Version 1

Two different models were produced by Hongwell. From real life experience with a red VW like the first version of the Hongwell model, I could tell that it was too big. In fact, it measures out to about 1/67 scale.

1/67 version 1 (left) vs 1/72 version 2 (right)

Their second version scales out exactly to 1/72 scale. If you see these models on eBay, the best way to tell the difference between them is to look at the side windows.

1/72 version 2 (left) vs 1/67 version 1 (right)

For the cabriolet version, the shape of the canvas top is also different.

1/72 version 2 (left) vs 1/67 version 1 (right)

On the other end of the spectrum is the plastic VW Maggiolino 1200 manufactured for PEZ by the now defunct CGGC Grisoni.

Wilt is 7' 1" (216 cm)

The model is marked as being 1/72, but despite what it says, the car is more like 1/87 scale.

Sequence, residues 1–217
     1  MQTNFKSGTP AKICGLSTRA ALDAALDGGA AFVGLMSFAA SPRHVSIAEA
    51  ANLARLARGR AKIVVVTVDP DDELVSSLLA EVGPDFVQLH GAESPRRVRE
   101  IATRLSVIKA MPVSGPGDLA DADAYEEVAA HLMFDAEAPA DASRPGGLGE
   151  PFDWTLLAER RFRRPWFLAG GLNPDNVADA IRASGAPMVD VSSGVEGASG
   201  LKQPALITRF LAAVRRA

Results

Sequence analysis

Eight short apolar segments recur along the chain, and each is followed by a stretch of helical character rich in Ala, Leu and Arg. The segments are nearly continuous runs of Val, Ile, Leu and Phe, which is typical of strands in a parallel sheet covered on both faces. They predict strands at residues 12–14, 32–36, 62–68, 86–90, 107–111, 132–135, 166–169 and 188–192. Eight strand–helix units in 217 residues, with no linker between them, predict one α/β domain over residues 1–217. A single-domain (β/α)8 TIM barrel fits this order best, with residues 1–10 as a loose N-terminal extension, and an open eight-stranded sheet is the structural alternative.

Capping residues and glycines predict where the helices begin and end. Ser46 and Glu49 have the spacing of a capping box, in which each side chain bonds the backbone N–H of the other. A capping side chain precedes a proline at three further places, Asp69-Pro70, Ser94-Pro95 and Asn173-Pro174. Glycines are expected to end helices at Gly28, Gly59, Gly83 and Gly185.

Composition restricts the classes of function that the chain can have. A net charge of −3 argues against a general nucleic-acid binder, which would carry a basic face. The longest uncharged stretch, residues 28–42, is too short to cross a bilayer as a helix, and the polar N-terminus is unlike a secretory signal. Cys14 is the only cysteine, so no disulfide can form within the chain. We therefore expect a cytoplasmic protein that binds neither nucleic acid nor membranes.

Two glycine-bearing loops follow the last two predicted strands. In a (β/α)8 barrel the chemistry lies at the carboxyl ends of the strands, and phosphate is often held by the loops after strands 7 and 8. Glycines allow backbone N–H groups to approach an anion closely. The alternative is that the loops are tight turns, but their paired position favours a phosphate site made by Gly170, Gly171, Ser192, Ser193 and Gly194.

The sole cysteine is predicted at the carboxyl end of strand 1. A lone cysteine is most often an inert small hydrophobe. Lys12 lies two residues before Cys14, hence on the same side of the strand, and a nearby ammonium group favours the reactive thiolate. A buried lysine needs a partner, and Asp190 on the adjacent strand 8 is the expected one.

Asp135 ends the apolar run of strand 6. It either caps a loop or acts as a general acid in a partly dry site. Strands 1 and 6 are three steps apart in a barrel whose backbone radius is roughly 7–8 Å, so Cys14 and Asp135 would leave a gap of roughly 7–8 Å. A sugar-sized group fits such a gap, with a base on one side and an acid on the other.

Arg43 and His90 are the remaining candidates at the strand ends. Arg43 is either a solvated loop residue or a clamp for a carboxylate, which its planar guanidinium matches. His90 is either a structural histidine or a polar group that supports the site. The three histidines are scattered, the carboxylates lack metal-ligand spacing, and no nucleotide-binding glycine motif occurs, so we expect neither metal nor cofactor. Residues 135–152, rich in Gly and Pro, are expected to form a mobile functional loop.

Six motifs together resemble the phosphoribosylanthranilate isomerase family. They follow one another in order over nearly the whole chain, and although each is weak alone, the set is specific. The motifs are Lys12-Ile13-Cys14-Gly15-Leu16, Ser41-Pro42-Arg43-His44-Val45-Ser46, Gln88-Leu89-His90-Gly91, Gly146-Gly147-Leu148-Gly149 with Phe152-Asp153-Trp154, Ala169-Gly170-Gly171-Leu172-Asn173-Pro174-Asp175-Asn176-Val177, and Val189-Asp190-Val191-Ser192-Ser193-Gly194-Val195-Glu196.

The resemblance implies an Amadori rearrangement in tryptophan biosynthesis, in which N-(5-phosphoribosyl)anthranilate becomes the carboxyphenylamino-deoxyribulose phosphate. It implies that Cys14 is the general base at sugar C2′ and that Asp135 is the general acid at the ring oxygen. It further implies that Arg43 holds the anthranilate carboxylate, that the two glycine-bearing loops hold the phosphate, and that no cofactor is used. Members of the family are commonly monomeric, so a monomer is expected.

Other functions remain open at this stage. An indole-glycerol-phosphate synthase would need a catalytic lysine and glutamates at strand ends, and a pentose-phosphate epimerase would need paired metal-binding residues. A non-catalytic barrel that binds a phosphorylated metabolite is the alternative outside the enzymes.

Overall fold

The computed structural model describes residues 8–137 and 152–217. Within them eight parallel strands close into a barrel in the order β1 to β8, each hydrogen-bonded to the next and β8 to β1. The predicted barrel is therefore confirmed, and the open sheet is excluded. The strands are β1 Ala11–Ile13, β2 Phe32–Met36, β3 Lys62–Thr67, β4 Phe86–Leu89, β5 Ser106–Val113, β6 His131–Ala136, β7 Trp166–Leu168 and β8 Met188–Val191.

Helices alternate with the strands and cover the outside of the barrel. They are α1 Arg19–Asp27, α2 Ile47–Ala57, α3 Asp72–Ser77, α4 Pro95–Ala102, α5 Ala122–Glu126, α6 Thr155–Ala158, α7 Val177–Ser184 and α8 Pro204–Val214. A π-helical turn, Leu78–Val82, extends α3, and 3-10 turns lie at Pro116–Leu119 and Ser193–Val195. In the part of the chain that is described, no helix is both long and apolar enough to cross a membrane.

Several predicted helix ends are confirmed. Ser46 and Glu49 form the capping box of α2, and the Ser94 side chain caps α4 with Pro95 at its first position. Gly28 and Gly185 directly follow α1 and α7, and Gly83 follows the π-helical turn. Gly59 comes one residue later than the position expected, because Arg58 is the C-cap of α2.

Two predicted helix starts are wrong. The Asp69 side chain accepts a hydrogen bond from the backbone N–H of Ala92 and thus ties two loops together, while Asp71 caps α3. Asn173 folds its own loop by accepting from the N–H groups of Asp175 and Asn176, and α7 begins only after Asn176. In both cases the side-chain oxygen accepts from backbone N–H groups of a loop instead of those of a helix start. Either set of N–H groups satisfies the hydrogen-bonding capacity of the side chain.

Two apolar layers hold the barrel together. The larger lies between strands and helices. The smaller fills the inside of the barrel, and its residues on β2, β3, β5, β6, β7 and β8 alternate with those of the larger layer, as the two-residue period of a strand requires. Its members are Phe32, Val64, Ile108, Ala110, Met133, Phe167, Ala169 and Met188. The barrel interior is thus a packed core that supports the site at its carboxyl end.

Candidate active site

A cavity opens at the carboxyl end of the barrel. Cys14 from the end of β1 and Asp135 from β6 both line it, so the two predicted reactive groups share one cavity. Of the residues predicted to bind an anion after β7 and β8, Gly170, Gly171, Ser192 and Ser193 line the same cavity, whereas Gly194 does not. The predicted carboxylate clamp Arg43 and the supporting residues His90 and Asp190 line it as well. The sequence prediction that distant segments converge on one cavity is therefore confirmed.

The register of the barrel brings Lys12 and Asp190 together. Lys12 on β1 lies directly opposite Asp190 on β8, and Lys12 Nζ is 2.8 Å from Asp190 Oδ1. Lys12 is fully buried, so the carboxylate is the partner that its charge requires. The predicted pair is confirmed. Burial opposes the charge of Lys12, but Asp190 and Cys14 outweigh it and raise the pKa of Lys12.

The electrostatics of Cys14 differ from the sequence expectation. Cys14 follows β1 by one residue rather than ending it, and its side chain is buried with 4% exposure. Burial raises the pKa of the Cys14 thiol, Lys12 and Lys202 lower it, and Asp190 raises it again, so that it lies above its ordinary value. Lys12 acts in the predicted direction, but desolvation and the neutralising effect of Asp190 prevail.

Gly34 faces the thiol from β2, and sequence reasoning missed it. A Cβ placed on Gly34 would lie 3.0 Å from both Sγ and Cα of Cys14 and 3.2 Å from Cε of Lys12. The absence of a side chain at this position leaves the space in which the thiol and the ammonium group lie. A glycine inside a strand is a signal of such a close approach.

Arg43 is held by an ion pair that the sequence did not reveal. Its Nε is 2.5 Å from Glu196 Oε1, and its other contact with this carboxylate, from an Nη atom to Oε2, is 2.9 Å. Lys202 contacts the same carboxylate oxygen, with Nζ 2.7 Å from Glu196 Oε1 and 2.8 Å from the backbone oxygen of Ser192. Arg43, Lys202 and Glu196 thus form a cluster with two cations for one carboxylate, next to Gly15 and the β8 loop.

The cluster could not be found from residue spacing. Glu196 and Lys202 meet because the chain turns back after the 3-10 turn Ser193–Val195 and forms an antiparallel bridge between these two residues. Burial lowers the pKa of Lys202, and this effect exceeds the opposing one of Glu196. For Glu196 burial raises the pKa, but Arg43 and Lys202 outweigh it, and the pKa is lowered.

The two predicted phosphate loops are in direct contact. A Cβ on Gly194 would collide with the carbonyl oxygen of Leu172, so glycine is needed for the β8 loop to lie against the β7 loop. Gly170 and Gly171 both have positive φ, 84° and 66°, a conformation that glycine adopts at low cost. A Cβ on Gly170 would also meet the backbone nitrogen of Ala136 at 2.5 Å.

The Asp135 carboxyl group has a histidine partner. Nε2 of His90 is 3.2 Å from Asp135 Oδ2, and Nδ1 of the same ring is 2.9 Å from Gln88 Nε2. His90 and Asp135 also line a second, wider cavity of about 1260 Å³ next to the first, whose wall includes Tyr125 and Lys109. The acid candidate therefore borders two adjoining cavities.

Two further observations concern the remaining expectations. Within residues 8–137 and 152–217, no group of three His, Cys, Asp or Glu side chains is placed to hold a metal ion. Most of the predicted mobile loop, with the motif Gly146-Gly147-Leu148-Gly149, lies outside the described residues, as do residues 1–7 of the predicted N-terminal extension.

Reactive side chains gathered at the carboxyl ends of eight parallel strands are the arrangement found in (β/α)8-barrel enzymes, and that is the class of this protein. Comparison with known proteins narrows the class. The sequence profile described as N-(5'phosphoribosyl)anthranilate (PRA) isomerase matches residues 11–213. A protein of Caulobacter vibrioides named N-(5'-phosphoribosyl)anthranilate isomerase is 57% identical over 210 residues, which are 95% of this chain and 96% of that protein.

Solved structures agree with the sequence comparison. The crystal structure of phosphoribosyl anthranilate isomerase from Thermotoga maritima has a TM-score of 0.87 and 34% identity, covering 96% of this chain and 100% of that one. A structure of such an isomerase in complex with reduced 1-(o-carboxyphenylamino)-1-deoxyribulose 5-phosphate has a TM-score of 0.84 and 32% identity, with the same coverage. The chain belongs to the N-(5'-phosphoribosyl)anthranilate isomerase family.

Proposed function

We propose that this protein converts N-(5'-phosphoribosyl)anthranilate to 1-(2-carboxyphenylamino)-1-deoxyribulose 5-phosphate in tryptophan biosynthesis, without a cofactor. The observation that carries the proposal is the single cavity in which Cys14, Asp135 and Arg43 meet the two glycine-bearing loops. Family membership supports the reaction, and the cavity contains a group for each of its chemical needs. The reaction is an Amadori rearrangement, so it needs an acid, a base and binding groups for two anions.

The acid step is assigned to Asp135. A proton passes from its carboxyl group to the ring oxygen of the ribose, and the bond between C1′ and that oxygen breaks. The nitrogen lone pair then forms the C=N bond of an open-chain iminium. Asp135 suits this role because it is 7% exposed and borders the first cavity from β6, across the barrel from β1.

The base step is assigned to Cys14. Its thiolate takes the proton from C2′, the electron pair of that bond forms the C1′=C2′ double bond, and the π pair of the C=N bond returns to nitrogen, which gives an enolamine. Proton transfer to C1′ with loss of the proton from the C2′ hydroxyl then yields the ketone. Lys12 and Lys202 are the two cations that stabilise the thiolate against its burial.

Scala 1:72

Other cars in the series which may-or-may-not-be 1/72 include the Fiat 500 and Mini Cooper.

Real-X/Epoch also makes a good 1/72 scale VW, and Oxford makes a 1/76 version of the 1958-1964 VW.

Top row: Hongwell (red and green), Epoch, Oxford, PEZ
Bottom row: Hongwell

From left to right: Hongwell (red and green), Epoch, Oxford, PEZ

The Epoch and Hongwell cars are made from different molds, and may represent different models of the Beetle. Hongwell also makes a version of the Beetle with Herbie markings, but it is a repaint, so represents the wrong model year of the car.

1/72 VW Beetles

Following up on the success of the Beetle, Volkswagen introduced their van (Volkswagen Type 2) in 1950.

A 1/72 version is made by Hongwell. The wheelbase is identical to the Beetle, which is as it should be. I think that the body may be a bit too short, but it looks good overall.

I saw the yellow-and-green marking in the picture below on a car driving on the road. Does anyone recognize what it is?